The Sixth Annual Building the Beloved Community Symposium, sponsored by Mercer Commons, will be held Feb. 2 and 3 in Macon. This year’s event is built on the theme, “The Content of Their Character.” The Rev. Dr. Samuel Wells, dean of the chapel at Duke University and research professor of Christian ethics at Duke Divinity School, will deliver two addresses at the two-day event.
The events will also include a breakfast for participants and Bibb County school principals, said Dr. John M. Dunaway, the symposium founder and director of Mercer Commons. The speaker for that event is Dr. Anthony J. Harris, professor of educational leadership in Mercer’s Tift College of Education. Dr. Harris will speak to the group about service.
“The theme for this year is taken from Martin Luther King’s ‘I Have a Dream’ speech, where he states that his dream is of a day when his children will be judged not by the color of their skin but by the content of their character,” Dr. Dunaway said. “The youth in our own city are facing serious problems such as gang-related violence, drugs, teen pregnancy and low academic achievement. The content of their character will be a key component to building the Beloved Community in Macon, and our churches and schools must take a leading role in meeting those challenges. Accordingly, we’re inviting Bibb County’s public school principals to join our pastors and religious leaders for this year’s breakfast and explore how they can better collaborate in this cause.”
Before training for ordination, Dr. Wells was a community worker in inner-city Liverpool, England, and from 1991-2005 he served in parish ministry in the Church of England. While in Norwich, he helped to establish the first organization in the east of England devoted to community-led urban regeneration. He also established a nonprofit organization offering disadvantaged children opportunities to discover wonder and joy through creative play.
Dr. Wells is also the author and editor of a number of books on Christian ethics, including two forthcoming textbooks, Introducing Christian Ethics, co-authored with Ben Quash, and Christian Ethics: An Introductory Reader.
The events of Feb. 2 will be held at Mercer’s University Center in the Presidents Dining Room. The evening begins with a banquet at 6:30 p.m., followed at 7:30 with a speech by Dr. Wells, titled “Being Beloved in Nazareth: A Nazareth Manifesto,” and focusing on the parable of the Good Samaritan.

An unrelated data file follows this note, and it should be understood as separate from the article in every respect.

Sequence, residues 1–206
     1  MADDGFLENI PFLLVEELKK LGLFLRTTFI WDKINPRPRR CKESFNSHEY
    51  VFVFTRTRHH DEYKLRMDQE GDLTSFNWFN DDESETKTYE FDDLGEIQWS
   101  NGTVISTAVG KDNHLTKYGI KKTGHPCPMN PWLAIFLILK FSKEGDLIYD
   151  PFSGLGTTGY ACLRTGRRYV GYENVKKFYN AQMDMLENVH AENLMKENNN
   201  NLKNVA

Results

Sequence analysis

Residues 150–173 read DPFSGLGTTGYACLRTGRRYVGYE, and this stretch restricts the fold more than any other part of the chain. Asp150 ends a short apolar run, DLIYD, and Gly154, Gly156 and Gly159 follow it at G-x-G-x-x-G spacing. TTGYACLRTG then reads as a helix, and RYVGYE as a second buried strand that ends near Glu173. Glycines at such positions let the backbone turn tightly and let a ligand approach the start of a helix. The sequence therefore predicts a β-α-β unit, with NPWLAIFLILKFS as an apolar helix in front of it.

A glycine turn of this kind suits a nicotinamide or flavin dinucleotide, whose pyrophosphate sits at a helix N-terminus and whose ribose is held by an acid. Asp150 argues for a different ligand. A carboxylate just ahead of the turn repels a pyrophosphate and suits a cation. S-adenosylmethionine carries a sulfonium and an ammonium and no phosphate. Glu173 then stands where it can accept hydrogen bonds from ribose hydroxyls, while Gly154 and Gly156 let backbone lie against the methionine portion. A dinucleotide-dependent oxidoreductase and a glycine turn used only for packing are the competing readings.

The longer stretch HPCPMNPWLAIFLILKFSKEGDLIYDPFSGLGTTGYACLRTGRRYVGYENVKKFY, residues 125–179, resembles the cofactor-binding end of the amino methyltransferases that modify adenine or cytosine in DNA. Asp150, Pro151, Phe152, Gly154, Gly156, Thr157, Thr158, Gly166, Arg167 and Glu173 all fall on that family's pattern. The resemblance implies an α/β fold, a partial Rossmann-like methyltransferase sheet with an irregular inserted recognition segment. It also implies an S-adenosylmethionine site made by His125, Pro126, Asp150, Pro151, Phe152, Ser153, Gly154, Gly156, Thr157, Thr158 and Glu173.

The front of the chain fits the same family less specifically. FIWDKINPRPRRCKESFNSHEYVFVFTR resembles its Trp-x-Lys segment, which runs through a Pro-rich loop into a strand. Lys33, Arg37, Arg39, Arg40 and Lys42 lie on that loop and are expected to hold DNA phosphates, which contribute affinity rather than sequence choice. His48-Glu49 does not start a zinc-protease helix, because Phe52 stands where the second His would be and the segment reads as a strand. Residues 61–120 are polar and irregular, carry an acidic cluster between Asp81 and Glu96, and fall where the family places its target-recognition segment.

On Feb. 3, the symposium will move to Centenary Methodist Church on College Street, beginning with the breakfast address at 8:30 a.m. by Dr. Harris. That event will be followed at 10 a.m. by Dr. Wells’ second address, “Being Beloved in Nazareth: Two Questions,” focusing on the story of Cain and Abel. At 11, participants will break into smaller groups to discuss issues in Macon and ways to advance the theme, and at noon, the symposium will conclude with a lunch with reports from the small groups and a final response to those reports from Dr. Wells.
For more information, or to register for the symposium, contact Judy Jones at (478) 301-2078, or firstname.lastname@example.org. All events are free, but registration by Jan. 29 is required.
Dr. Dunaway founded the symposium in 2004 to find a way to help the church demonstrate unity through collaboration across denominational and racial boundaries. The symposium also works to foster follow-up activities between black and white churches, through such activities as: sister-church relationships, pulpit exchanges, partnerships in community development and service and the formation of action groups for specific issues.
One such event will be a showing of the movie “Pip and Zastrow: An American Friendship,” at the Douglass Theatre on Feb. 8 at 7 p.m. The event will include a discussion following the film with one of the film’s subjects, Zastrow Simms, and the film’s director, Karin Hayes. The movie is a documentary chronicling a friendship between two men that crossed racial lines long before the civil rights movement began. Mercer Commons is co-sponsoring the event.